Dr Romane Cristescu | UniSC | University of the Sunshine Coast, Queensland, Australia

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Dr Romane Cristescu

PhD UNSW., MSc University of Tours, France, Veterinarian specialisation: Wildlife National Veterinary School of Nantes, France, DVM: Doctor veterinarian National Veterinary School of Alfort, France

  • Senior Research Fellow
+61 7 5456 5190
Office location
FDM02 (Demountable Building near Building E)
Sunshine Coast
Dr Romane Cristescu

Dr Romane Cristescu is Director of Detection Dogs for Conservation and a Senior Research Fellow at the University of the Sunshine Coast. She is a conservation ecologist with a wide range of interests - all centred around this single and complex question: “how can we best help wildlife in a world dominated by humans?” 

As part of understanding how wildlife negotiates the increasingly anthropogenic landscape, Romane has focused on developing new methodologies to collect data more accurately and efficiently at landscape scales. In particular, during the past decade Romane and her team have been developing detection dog and drone-mounted thermal camera survey methods, non-invasive molecular analyses (genetic, diseases and hormones measured in poo) and innovative technologies to monitor koala movement - both ear tag and collar based.

Romane believes robust science is necessary to support good decision making, and she is especially keen to test that legislation is grounded in science and effectively delivering conservation outcomes. Her methodology and legislation work has been specifically focusing on koalas.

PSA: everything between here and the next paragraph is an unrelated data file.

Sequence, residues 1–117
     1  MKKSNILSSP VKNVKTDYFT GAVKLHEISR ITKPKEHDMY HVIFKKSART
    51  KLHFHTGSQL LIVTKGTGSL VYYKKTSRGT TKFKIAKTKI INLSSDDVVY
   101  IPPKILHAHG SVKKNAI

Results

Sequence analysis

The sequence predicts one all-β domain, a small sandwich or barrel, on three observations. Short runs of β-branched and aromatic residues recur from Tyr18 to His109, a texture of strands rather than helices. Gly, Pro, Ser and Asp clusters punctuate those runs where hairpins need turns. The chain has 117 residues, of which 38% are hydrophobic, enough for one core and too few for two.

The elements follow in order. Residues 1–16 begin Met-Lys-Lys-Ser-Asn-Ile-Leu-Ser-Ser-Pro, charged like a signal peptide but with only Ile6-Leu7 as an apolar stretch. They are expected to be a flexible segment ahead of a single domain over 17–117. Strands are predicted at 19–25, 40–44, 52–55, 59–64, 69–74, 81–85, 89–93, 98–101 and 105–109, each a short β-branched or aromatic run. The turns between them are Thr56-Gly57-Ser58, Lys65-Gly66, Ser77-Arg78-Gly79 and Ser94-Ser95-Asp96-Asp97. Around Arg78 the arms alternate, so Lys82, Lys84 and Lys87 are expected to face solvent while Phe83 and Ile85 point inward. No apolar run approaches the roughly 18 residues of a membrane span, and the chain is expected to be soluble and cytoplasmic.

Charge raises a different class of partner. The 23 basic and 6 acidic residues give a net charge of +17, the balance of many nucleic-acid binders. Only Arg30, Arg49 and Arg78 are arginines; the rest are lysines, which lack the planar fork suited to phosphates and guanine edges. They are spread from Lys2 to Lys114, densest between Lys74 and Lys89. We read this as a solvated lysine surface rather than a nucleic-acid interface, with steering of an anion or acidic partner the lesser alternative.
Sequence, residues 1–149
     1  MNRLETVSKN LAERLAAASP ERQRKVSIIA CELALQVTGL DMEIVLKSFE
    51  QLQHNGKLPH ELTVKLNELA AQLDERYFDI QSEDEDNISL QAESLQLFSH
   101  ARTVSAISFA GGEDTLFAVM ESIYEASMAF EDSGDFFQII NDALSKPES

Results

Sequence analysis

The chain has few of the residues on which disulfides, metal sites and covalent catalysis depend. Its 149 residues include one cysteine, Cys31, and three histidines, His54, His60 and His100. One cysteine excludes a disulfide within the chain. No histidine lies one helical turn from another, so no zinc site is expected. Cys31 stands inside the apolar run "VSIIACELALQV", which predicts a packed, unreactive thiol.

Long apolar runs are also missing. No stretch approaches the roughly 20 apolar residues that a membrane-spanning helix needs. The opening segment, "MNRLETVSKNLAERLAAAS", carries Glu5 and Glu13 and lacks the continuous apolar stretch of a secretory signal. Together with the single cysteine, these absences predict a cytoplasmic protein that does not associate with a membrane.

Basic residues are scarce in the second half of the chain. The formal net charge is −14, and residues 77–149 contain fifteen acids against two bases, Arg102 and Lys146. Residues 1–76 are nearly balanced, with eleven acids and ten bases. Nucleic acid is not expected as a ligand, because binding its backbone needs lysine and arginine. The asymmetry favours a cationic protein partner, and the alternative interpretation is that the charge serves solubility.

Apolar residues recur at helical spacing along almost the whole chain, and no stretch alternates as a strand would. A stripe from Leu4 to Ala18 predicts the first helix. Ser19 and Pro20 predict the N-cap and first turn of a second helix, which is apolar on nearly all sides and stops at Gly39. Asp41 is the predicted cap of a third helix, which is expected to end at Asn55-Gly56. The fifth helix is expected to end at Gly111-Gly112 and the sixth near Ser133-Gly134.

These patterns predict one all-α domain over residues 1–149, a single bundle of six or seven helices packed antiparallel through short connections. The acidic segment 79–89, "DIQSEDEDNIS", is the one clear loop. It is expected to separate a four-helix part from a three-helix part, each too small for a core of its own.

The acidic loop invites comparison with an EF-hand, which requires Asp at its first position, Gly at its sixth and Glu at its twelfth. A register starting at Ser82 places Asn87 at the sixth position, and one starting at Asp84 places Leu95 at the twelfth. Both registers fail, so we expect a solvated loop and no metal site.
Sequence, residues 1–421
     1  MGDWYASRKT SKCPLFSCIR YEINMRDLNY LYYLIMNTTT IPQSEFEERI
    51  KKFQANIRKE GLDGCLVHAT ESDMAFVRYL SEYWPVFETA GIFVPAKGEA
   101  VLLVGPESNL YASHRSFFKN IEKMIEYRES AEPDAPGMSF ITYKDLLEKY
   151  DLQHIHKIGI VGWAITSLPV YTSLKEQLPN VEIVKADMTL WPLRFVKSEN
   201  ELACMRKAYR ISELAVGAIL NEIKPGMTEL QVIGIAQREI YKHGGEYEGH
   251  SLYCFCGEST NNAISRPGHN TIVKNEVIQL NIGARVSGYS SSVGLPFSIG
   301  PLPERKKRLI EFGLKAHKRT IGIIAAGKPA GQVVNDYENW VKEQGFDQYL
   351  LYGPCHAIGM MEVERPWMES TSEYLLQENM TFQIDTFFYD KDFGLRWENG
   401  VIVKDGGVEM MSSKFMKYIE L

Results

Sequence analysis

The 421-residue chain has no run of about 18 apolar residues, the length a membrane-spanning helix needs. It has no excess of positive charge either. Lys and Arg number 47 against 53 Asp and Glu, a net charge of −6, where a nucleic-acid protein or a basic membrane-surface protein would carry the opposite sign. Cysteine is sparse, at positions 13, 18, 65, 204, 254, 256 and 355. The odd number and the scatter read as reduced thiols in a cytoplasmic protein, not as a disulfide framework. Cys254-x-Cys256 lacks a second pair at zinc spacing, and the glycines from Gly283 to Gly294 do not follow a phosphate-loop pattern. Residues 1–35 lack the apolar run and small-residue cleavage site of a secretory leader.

Romane is a qualified veterinarian and originally worked on conservation genetics before moving to Australia for her PhD in landscape ecology. She worked in the Mining Industry on Mine Closure / Rehabilitation, where she transformed her research on restoration ecology into practice. Since then, she continued working with the private sector, as well as the Government, not-for profits and Academia – by interacting with a wide range of stakeholders, understanding their constraints and aspirations, Romane hopes that her research can be transformed into informed and effective policy, investments and management actions. Since its creation in 2015, the Detection Dogs for Conservation team has grown to include five detection dogs and many dedicated students and researchers.

Research areas

  • conservation biology
  • new methodologies in conservation including detection dogs and remote surveys
  • restoration ecology
  • wildlife / human conflicts
  • conservation genetics
  • emerging infectious diseases

Dr Romane Cristescu's specialist areas of knowledge include a wide range of interests in developing new methodologies in conservation to achieve results more accurately and efficiently - including using detection dogs or remote surveys; landscape ecology, restoration ecology, conservation genetics, fauna responses to habitat loss and fragmentation, wildlife/human conflicts, interactions and synergies in threats to endangered species and emerging infectious diseases in wildlife.

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